Focused: As previously mentioned, your time is valuable. If you’re listening to an hour-long podcast, it should have six times the information as a 10-minute one — not just six times the talking.

1. To learn how to start a startup…

How to Start a Startup

How to Start a Startup

Listen to How to Start a Startup. Sam Altman, the president of Y Combinator, originally taught this 20-part series as a Stanford class. He starts with the basics, like how to create a team and build a product, and ends with advice for after you’ve achieved product-market fit. Altman is brilliant — and he also brings in many startup heavyweights, including Reid Hoffman, Marc Andreesen, Aaron Levie, and more.

You’ll learn:

  • How to develop a great idea
  • How to build a high-quality product
  • How to put together a winning team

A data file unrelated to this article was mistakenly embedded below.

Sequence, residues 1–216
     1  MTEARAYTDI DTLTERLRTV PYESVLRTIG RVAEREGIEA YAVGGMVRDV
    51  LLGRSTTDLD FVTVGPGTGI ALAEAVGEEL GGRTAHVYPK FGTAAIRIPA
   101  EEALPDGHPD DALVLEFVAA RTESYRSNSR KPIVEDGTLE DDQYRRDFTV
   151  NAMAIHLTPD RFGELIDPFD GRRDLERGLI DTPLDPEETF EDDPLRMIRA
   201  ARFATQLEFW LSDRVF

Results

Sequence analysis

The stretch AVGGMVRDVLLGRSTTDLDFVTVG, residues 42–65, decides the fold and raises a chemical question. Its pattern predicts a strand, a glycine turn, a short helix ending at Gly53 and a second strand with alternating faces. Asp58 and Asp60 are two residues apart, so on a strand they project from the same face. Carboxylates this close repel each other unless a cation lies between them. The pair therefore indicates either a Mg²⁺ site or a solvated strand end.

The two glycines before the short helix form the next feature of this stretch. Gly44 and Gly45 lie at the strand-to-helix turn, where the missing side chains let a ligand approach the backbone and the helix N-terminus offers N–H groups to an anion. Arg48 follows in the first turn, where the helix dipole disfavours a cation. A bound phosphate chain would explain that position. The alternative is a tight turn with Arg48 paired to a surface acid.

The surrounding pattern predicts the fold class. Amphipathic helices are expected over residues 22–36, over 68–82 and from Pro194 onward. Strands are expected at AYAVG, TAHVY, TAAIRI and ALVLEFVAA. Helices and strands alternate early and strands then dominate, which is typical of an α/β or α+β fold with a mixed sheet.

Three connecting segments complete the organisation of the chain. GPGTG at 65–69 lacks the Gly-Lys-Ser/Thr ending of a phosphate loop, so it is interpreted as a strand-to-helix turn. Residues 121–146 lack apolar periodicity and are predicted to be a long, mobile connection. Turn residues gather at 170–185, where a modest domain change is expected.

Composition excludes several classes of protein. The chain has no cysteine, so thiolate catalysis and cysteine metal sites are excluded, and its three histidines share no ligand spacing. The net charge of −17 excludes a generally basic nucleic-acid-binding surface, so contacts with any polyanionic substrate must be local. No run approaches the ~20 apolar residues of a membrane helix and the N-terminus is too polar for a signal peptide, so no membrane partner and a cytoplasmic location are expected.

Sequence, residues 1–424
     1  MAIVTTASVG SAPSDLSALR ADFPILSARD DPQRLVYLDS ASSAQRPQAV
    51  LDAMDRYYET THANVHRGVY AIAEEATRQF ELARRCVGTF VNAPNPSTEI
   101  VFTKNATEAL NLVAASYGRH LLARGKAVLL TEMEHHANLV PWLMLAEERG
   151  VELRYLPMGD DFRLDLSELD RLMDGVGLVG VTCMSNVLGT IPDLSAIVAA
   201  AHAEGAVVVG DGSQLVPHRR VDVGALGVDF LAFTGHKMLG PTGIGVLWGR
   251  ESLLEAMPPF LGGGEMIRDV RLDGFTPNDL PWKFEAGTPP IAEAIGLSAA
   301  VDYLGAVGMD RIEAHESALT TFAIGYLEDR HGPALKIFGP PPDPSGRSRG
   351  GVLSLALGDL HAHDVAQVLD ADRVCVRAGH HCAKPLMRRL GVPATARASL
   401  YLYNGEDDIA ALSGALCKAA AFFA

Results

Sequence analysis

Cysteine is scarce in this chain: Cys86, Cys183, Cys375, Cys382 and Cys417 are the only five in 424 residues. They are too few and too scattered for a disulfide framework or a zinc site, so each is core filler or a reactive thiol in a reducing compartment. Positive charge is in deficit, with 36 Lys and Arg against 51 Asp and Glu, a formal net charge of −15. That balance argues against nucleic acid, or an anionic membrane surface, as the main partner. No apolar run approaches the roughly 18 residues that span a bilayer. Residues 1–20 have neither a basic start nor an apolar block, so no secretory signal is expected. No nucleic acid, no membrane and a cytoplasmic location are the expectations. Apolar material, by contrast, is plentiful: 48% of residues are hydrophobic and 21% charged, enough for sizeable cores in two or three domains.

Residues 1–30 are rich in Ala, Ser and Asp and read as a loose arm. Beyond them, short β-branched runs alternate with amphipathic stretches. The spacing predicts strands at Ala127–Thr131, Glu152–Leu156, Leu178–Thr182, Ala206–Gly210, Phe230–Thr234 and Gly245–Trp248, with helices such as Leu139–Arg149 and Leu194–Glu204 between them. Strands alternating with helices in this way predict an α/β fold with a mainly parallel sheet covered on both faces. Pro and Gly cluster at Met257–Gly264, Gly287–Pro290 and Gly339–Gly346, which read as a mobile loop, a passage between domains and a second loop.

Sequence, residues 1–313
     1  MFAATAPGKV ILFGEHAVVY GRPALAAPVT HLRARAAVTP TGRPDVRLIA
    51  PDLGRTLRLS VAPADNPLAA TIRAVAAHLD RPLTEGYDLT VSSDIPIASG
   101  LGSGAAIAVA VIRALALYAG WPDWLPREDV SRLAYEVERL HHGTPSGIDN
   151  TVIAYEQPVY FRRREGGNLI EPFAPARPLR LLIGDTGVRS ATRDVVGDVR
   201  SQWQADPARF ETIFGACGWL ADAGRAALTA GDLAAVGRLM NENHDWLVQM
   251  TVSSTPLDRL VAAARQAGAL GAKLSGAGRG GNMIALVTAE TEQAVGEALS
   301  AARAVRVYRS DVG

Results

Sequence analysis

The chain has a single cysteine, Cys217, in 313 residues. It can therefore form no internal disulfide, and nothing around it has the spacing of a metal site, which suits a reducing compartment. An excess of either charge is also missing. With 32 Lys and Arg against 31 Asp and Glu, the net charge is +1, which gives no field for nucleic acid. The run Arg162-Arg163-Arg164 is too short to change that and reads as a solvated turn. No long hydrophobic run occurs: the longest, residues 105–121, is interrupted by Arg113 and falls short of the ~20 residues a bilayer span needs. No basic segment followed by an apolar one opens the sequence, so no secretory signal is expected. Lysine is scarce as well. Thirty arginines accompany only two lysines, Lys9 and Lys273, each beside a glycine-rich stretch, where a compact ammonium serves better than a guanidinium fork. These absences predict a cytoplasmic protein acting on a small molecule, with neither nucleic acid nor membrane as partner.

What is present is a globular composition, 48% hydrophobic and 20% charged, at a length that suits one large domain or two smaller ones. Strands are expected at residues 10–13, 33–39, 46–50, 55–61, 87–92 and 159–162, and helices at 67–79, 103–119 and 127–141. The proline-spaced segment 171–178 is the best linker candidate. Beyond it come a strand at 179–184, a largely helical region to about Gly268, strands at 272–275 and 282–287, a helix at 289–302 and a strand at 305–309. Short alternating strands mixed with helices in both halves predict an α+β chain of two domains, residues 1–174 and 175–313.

• How to execute on the first three

Start with:

Episode #1, in which Sam Altman gives an overview of the course.

2. To learn how to pitch to venture capitalists (VCs)…

The Pitch

Listen to The Pitch. This podcast is essentially an audio version of Shark Tank: Each episode, a different startup comes on to give their elevator pitch to a panel of investors and answer their follow-up questions.

After the investors have quizzed the founders, they’ll discuss whether or not they’d invest and why.

You’ll learn:

  • What goes into a good pitch
  • What types of questions VCs ask (and how to answer them)
  • What makes or breaks their decision to invest

Start with:

Episode #10, in which Dollar Beard Club founder Chris Stoikos pitches his startup to Marvin Liao, Howie Diamond, and Ryan Hoover.